Negative relationships between police and communities are associated with civilian perceptions of lack of safety, low civilian trust in police, and overall negative perceptions of law enforcement, particularly for Black communities and other communities who have been historically marginalized.[1–4] While community policing and problem-solving approaches to policing have been associated with reductions in crime, a lack of comprehensive data surrounding police-community contacts has prevented an assessment of how different policing strategies affect outcomes such as community perceptions of police, community safety and wellness, and officer safety and wellness.[1-3,5-8]
Disparities In Policing Fuel Ongoing Negative Relationships Between Police and Communities.
- Examination of systemic racial disparities in the use of extreme force suggests that, rather than being driven primarily by actual prevalence of criminal activity, factors such as clothing (e.g., hooded sweatshirts, baggy clothing) and neighborhood perceptions (e.g., low socioeconomic status, perceived “dangerousness,” proportion of Black residents) may heighten racial disparities in shooting decisions.[9,10]
- In the context of ongoing and compounded negative interactions (e.g., being stopped and searched), Black communities, as well as other historically marginalized communities (e.g., Indigenous communities, Hispanic/Latinx communities), may experience less trust in police and be less likely to seek assistance from police in keeping their communities safe.[2,3,5,6,11]
- A “culture of urgency,” focus on arrest rates as outcomes, and reactive approach to policing may interfere with officers’ ability to work with communities toward community safety.[7,8,10,12–15]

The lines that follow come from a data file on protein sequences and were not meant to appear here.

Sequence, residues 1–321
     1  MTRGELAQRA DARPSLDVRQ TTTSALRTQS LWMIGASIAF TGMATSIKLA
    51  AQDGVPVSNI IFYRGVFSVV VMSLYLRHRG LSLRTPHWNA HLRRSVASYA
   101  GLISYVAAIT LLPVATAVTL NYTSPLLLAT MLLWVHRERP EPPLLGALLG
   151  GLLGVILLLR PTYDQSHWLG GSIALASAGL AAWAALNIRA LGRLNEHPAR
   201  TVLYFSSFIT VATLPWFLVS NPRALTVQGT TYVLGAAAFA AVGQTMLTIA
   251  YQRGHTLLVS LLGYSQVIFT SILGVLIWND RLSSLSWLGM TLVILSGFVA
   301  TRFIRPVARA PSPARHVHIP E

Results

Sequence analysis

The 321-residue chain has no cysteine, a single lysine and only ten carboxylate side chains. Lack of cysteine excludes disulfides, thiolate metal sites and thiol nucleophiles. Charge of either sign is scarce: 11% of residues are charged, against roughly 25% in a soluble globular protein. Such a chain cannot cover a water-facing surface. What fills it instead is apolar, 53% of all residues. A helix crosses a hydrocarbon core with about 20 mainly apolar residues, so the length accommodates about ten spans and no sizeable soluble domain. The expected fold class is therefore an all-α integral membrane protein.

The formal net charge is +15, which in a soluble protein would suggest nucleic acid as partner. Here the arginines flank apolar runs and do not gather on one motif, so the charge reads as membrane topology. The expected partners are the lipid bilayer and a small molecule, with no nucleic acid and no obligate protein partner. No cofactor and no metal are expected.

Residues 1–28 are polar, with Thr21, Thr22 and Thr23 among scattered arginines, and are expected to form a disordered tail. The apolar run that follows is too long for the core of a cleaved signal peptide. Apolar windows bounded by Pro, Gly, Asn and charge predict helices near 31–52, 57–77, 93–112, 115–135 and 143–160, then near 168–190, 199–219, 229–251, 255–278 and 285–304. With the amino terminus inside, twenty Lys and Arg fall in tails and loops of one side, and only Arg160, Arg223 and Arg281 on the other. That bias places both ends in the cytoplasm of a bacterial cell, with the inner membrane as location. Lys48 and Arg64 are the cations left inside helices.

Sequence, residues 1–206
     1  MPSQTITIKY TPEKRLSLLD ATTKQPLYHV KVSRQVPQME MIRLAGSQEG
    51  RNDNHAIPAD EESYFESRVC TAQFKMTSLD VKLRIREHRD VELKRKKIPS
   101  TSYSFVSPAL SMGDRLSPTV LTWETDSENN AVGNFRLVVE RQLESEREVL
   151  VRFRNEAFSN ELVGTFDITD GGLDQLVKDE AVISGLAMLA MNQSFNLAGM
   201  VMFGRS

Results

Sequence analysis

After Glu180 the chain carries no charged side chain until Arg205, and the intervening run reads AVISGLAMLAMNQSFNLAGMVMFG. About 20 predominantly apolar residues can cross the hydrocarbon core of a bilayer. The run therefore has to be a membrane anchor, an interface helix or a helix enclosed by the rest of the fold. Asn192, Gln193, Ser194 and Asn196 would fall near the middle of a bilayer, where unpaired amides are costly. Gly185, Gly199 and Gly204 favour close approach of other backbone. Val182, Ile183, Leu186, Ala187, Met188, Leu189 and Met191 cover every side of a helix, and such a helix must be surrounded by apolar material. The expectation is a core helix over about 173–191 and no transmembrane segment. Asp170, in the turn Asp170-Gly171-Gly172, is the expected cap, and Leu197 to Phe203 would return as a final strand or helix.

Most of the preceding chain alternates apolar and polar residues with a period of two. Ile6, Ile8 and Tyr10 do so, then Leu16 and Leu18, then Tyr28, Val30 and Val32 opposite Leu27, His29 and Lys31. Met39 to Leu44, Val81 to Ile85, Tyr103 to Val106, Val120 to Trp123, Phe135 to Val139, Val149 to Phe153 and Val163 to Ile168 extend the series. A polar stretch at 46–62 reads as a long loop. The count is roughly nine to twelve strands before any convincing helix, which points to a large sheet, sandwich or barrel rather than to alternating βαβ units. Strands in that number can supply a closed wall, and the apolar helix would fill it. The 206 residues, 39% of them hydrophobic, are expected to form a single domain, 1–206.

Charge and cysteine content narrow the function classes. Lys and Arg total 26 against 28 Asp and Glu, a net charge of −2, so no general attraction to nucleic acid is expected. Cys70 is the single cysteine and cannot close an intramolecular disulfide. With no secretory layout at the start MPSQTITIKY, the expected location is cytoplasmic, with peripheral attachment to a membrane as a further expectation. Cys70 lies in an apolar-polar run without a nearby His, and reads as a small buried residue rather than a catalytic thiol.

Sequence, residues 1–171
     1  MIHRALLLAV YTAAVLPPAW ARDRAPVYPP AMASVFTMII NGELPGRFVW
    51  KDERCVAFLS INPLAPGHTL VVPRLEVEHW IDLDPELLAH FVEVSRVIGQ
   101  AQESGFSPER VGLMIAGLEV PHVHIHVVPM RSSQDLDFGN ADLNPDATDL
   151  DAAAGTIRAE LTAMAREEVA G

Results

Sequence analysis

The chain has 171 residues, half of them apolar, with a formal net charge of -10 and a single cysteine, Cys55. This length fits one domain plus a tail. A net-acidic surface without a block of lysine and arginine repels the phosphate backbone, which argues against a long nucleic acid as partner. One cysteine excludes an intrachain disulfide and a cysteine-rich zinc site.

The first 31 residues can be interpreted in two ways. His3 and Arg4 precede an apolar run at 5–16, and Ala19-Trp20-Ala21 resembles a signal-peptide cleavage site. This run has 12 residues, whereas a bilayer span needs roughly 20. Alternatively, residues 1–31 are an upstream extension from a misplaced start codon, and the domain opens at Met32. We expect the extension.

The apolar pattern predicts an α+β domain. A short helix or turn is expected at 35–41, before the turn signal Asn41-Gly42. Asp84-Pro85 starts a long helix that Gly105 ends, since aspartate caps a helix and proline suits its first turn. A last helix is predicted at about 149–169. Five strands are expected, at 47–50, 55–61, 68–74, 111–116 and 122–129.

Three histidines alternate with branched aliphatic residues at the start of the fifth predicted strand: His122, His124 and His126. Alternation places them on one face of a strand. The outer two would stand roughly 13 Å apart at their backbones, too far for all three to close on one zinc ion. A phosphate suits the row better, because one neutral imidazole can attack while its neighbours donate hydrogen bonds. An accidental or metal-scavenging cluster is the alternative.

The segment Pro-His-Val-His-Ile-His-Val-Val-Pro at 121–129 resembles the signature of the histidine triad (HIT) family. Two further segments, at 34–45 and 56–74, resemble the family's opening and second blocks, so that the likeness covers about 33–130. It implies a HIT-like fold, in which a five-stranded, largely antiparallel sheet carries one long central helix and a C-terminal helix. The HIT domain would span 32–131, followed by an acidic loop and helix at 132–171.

Community-based Approaches To Policing, Within A Broader Procedural Justice Framework, Have The Potential To Change The Nature Of Police-community Relationships.
- A procedural justice orientation to policing that emphasizes fairness, transparency, impartiality, and opportunities to be heard is closely aligned with partnership with communities, prioritization of de-escalation, accountability, and awareness of racial dynamics.[2,3,5–10,13–15]
- Community policing approaches, which emphasize collaboration and cooperation between police and communities to address ongoing issues and reduce crime, have a stronger association with reductions in crime than strict enforcement approaches, such as “zero tolerance” or “order maintenance” policing.
- Civilian employees of police departments could provide important perspectives to improve community-police relationships, advocate for and provide services to victims, and support de-escalation efforts.
Potential Avenues For Addressing Gaps: A Centralized Requirement For Systematic, Standardized Police Data Collection, Funding For Police-Researcher Partnerships, And A Focus on Community Impact As Outcomes Are Likely To Address Gaps.
- A lack of comprehensive data on police-community contacts, police training, and the impact of changes in police culture or strategies limits our knowledge of how to effectively improve police-community relationships.[1,3,9,10,13] A centralized requirement for the systematic, standardized collection of these data should be implemented.
- Federal funding for police-research partnerships would provide critical and valuable resources to better understand how implementing current recommendations for community-oriented policing would impact racial disparities in policing, community perceptions of police, and officer and civilian safety.[7,8,13,14,17]
Bolstering the capacity of organizations and offices, such as the Department of Justice’s Office of Community Oriented Policing Services and the Bureau of Justice Statistics could support translation of research findings into practical guidelines for police departments.[8,18]